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Economy & Tech

Japan’s Fugaku: Still the World’s Fastest Supercomputer

Once again it won the “TOP500” computer speed category, “HPCG” processing speed category, “HPL-AI” artificial intelligence category, and “Graph500” big-data analysis category.

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The Fugaku supercomputer has retained its position as the world’s fastest supercomputer for the third consecutive term, its developers Fujitsu and RIKEN announced on June 28.

After previously topping the speed ranking – as well as three other categories – in both June and November 2020, Fugaku has once again claimed top spot in all four categories.

Specifically, the Japanese supercomputer won the “TOP500” computer speed category, the “HPCG” processing speed category, the “HPL-AI” artificial intelligence category, and also the “Graph500” big-data analysis category. Fugaku has once again shown its power across a broad range of functions.

“By winning four categories three times in a row, Fugaku has shown its global-level advancement across a wide range of fields,” said Satoshi Matsuoka, Director of the RIKEN Center for Computational Science .

Fugaku’s predecessor, “K,” won the TOP500 ranking in June and November 2011, but Fugaku has now surpassed K with its three consecutive victories.

Now Five Top Contenders

According to materials released by the organization in charge of the rankings, the top four supercomputers have been the same since June 2020.

The Summit supercomputer (Oak Ridge National Laboratory), the Sierra supercomputer (Lawrence Livermore National Laboratory), and the Sunway TaihuLight (Chinese National Supercomputing Center) were in second, third, and fourth positions respectively.

However, there was a new supercomputer in fifth place: The Perlmutter (Lawrence Berkeley National Laboratory), which was launched recently in spring 2021.

Elsewhere in the rankings, the Japanese ABCI 2.0 supercomputer (AIST), upgraded from the ABCI, rose from 14th to 12th position.

Fugaku Maintains Edge but Competition is Keen

On this occasion, Fugaku beat the second-placed supercomputer with performance differences that were up to 5.5 times better across the four categories.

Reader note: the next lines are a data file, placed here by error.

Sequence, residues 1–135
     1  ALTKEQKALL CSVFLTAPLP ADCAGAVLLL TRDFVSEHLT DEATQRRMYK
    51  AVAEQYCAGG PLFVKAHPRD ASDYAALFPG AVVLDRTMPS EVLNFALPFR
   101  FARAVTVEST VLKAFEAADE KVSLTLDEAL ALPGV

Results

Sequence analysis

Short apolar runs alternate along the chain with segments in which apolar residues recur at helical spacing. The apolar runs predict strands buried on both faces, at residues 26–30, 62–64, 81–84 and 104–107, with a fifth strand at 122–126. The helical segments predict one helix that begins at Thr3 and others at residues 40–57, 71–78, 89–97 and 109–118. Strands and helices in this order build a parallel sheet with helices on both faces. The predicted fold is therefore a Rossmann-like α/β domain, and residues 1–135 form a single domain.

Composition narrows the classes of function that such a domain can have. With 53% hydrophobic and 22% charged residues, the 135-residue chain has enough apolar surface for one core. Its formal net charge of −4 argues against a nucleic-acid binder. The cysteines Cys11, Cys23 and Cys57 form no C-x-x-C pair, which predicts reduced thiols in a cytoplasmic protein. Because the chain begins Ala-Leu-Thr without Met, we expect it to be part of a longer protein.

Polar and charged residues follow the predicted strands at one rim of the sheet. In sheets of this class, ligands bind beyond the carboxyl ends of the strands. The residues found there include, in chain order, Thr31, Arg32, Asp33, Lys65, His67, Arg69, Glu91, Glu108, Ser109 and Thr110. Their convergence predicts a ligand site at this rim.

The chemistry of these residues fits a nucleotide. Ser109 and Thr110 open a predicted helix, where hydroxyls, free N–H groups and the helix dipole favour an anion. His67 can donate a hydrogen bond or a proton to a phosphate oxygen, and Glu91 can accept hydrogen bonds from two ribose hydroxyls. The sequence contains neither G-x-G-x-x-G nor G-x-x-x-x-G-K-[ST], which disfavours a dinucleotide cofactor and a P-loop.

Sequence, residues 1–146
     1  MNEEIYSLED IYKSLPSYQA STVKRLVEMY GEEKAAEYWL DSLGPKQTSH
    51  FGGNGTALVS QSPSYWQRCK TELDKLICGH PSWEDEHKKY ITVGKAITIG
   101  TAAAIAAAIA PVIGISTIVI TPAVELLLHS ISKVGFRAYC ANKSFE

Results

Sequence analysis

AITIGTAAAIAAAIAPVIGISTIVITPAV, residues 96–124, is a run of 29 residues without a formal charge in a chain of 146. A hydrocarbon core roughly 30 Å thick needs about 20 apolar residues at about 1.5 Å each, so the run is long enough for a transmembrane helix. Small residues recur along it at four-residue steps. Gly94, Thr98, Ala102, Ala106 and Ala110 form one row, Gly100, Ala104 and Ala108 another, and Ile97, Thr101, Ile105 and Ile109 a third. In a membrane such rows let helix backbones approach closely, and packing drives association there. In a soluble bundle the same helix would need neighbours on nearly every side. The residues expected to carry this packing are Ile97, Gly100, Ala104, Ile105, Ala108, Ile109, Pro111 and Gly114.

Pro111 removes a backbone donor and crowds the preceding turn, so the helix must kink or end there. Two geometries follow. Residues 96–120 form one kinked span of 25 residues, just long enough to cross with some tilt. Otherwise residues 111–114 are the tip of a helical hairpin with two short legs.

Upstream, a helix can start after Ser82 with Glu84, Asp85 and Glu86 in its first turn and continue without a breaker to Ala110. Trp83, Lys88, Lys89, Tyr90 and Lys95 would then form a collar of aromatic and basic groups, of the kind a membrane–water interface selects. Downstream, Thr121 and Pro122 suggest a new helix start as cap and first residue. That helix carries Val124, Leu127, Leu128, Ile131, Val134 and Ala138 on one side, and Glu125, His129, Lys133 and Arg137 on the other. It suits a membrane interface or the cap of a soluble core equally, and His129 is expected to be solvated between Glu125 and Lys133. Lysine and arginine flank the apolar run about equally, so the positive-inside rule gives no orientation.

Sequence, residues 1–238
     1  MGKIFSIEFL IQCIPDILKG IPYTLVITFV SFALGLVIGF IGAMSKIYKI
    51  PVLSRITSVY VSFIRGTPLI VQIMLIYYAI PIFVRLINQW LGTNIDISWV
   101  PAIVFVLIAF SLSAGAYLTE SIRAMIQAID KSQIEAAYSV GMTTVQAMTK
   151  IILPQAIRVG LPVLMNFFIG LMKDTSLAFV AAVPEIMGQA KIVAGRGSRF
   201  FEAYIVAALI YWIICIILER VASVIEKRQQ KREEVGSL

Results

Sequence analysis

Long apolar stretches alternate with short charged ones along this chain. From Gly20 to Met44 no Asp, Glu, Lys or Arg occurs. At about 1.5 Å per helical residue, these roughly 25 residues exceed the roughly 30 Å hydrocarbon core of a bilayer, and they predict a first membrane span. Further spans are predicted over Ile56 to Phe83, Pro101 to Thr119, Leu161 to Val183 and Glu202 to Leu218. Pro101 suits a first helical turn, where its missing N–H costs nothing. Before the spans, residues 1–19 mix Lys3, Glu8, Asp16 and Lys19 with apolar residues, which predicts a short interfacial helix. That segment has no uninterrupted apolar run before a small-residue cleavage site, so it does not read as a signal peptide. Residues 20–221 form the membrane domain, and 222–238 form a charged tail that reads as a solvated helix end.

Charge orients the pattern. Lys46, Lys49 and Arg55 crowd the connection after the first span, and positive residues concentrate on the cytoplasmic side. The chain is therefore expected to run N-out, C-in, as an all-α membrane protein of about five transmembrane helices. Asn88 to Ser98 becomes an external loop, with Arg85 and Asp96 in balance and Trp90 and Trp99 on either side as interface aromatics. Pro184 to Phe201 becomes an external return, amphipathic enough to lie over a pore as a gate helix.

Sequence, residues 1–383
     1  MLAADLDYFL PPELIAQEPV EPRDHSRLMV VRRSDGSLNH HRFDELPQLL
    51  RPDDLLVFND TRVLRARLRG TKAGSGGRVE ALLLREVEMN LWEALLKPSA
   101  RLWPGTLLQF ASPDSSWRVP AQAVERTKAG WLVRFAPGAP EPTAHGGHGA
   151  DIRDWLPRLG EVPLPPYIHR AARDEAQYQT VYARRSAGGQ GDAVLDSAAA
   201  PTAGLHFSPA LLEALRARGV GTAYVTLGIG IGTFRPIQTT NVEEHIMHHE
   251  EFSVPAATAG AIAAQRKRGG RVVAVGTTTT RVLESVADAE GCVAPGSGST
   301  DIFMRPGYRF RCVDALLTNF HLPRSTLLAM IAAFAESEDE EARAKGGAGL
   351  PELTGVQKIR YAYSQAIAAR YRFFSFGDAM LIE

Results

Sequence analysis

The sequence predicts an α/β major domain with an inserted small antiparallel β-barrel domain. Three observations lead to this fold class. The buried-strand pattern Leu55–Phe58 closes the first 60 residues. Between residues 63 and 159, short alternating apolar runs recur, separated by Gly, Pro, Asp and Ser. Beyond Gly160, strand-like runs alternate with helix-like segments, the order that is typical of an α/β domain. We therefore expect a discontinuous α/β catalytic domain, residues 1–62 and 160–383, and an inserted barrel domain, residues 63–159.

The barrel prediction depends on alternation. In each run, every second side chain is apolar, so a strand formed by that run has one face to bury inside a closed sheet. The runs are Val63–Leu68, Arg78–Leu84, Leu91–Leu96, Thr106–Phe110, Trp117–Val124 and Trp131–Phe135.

According to RIKEN, Fugaku has an impressive speed of 442 petaflops. This is about three times faster than that of the second-placed Summit, which has a speed of 148.6 petaflops.

In the HPCG and HPL-AI categories, Fugaku is about 5.5 times and 1.7 times better than Summit, respectively. In the Graph500 category, Fugaku is about 4.3 times better than the second-placed Sunway TaihuLight.

Once again, the Japanese Fugaku has the edge over its American and Chinese competitors. However, the U.S. and China are both keen to take the top spot, and it is unclear how long Fugaku can keep winning the number one position.

As the next challenge, Japan, the U.S. and China are all aiming to create an exascale supercomputer, which is even faster than anything currently in existence. Therefore, a Japanese supercomputer even better than Fugaku could emerge at some stage in 2021.

The U.S. is planning to introduce various exascale supercomputers from 2021 onward. Similarly, China has at least three plans to develop exascale supercomputers, according to hints from the Xinhua News Agency.

Japan, too, will be considering its future direction in the world of supercomputing.

 

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(Read the related  reports in Japanese at this link and this link.)

Author: Maki Matsuda